Murkowski takes another crack at energy bill; OCS review opens
As promised, Sen. Lisa Murkowski is taking another shot at the major task of updating the country’s energy policy.
Murkowski introduced the Energy and Natural Resources Act June 28. The omnibus energy reform bill is pretty much a continuation of the Energy Policy Modernization Act, which died last December when House and Senate conference committee negotiations stalled.
“This new bill encompasses a wide range of Alaska priorities for energy, resource, innovation, infrastructure and land management policies. It will allow us to tap into more of our world-class mineral base, removes hurdles to the gasline, expand the use of hydropower and other renewables, reauthorize critical programs that provide vital funding, boost Alaska Native energy development, increase sportsmen’s access to federal lands and protect against natural hazards,” Murkowski said in a release from her office.
“This is a bill written by and with Alaskans, for the benefit of our whole state and I’m eager to work with my colleagues to move it forward.”
Murkowski, who chairs the Senate Energy and Natural Resources Committee, often stressed that last session’s Energy Modernization Act was also drafted in concert with Washington Sen. Maria Cantwell, the ranking Democrat on the committee and a co-sponsor of the current bill.
Last year’s legislation passed the Senate with 85 votes and Murkowski blamed House leaders — who she accused of being more interested in leaving for the holidays than working on the bill — when it fell just short of making it to the president’s desk.
This go-round, Murkowski got Senate Majority Leader Mitch McConnell to put the Energy and Natural Resources Act on the Senate Calendar right away, giving the bill an expedited timeline for a floor vote, according to a committee release.
Among many other provisions, the bill federally classifies hydropower as renewable energy; gives route options for a natural gas export pipeline through Denali National Park; mandates the Secretary of Energy to rule on LNG export applications within 45 days after the environmental review of a project is finished; and directs a suite of permitting reforms for energy generation and distribution and mineral projects.
Arctic OCS plan
In between scolding President Donald Trump on Twitter for regular off-hand remarks on social media, Murkowski praised the Trump administration June 29 for working to reverse a ban on federal Arctic offshore oil and gas leasing instituted by President Barack Obama in the waning days of his presidency.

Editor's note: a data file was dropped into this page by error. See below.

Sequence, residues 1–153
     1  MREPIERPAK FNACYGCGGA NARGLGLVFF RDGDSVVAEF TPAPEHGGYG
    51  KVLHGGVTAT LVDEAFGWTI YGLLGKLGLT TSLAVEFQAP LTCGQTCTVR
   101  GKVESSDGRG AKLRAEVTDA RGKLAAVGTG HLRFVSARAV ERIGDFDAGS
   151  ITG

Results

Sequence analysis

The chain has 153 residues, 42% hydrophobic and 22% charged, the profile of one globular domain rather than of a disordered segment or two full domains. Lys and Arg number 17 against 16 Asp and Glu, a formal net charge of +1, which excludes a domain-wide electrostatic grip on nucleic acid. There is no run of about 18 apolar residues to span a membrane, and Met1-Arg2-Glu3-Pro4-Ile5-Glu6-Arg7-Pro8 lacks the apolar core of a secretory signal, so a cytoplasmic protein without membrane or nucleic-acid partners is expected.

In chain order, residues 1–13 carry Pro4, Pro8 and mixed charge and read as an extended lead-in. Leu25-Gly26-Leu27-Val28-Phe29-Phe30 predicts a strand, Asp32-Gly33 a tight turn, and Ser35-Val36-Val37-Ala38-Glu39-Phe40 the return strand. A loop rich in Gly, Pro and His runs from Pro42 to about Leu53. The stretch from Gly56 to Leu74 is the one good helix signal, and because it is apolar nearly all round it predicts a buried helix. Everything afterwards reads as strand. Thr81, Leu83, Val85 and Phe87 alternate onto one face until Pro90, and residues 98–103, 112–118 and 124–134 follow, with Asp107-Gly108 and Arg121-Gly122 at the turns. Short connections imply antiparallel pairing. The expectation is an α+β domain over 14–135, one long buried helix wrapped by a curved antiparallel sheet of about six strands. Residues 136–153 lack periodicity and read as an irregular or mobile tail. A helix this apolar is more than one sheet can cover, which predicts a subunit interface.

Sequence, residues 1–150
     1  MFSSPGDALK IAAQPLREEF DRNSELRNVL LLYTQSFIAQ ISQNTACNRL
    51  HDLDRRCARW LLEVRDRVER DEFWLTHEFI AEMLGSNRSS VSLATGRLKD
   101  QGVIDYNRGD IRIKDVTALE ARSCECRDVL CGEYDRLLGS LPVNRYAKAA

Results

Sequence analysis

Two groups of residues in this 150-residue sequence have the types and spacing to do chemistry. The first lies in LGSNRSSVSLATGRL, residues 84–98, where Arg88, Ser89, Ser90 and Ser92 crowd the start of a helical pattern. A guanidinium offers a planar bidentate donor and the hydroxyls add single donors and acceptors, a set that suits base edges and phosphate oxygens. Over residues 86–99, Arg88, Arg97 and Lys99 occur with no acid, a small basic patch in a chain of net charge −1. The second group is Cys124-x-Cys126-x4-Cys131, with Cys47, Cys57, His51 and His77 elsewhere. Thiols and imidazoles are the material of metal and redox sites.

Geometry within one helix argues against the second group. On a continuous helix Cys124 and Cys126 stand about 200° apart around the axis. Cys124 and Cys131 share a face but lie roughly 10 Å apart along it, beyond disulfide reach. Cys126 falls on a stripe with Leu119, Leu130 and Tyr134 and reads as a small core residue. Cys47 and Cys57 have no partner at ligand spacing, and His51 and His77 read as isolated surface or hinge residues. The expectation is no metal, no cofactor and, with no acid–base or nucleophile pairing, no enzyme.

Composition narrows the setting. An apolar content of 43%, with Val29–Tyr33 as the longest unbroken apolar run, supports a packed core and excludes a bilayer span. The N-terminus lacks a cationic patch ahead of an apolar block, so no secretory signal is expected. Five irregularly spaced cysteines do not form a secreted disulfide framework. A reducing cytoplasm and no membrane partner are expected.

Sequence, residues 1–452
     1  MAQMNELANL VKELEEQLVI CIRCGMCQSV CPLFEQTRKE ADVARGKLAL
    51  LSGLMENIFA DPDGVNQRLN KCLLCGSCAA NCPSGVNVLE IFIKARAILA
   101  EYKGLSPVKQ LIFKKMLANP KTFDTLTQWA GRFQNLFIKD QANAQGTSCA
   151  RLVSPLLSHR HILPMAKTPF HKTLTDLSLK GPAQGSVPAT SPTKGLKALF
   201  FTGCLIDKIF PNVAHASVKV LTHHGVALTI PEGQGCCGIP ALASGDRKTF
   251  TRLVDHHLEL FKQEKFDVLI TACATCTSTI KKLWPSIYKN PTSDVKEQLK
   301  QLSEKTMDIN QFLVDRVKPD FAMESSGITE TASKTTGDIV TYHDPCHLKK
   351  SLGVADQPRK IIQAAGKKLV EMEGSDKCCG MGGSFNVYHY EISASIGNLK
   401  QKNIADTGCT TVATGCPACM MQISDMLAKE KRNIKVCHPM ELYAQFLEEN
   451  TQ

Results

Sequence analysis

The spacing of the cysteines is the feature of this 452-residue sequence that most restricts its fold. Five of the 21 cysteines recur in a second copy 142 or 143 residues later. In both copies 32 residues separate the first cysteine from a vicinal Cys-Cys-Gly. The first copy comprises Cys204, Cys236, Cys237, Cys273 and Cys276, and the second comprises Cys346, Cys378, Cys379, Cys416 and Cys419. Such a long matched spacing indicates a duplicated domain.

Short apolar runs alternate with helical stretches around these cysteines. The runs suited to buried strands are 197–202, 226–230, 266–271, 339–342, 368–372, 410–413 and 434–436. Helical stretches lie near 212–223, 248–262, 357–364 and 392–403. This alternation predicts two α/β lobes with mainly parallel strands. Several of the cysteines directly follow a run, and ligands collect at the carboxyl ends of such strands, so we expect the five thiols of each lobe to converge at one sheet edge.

In April, Trump issued his own executive order to reverse Obama’s moratorium on Arctic offshore leasing.
On June 29, the Interior Department issued a request for information to revise the 2017-2022 outer continental shelf, or OCS, oil and gas leasing plan the Obama administration finalized in November sans a schedule for any Arctic lease sales.
The request for information is the first step in what is likely to be a multi-year process to revise the leasing schedule.
Interior Secretary Ryan Zinke also ordered onshore oil and gas resource evaluations for the Arctic National Wildlife Refuge and a new look at the management plan for the National Petroleum Reserve-Alaska during a trip to Anchorage May 31 with an eventual aim at more industry activity on federal North Slope lands.
“I’m pleased the administration has wasted no time in starting the process for a new and better plan that could increase offshore development in Alaska and elsewhere,” Murkowski said. “With technological innovation, offshore development is now cheaper, easier, safer and farther-reaching than ever before.
“What has not changed is that offshore development is a critical source of energy, jobs and security, so I look forward to working with Secretary Zinke to develop a strong plan for our state and nation.”
Arctic development in near shore state waters to date has consisted of constructing manmade islands and Hilcorp Energy is currently in permitting for its Liberty prospect, which would be the first such manmade island project in shallow federal waters off the North Slope.
The U.S. Geological Survey estimates the Beaufort and Chukchi Seas could hold 23 billion barrels of oil and another 104 trillion cubic feet of natural gas.
Even with federal support to drill for those resources, it is unclear how much interest industry would have in green field development in such a high-cost arena with oil and prices expected to remain low for years to come.
Elwood Brehmer can be reached at firstname.lastname@example.org.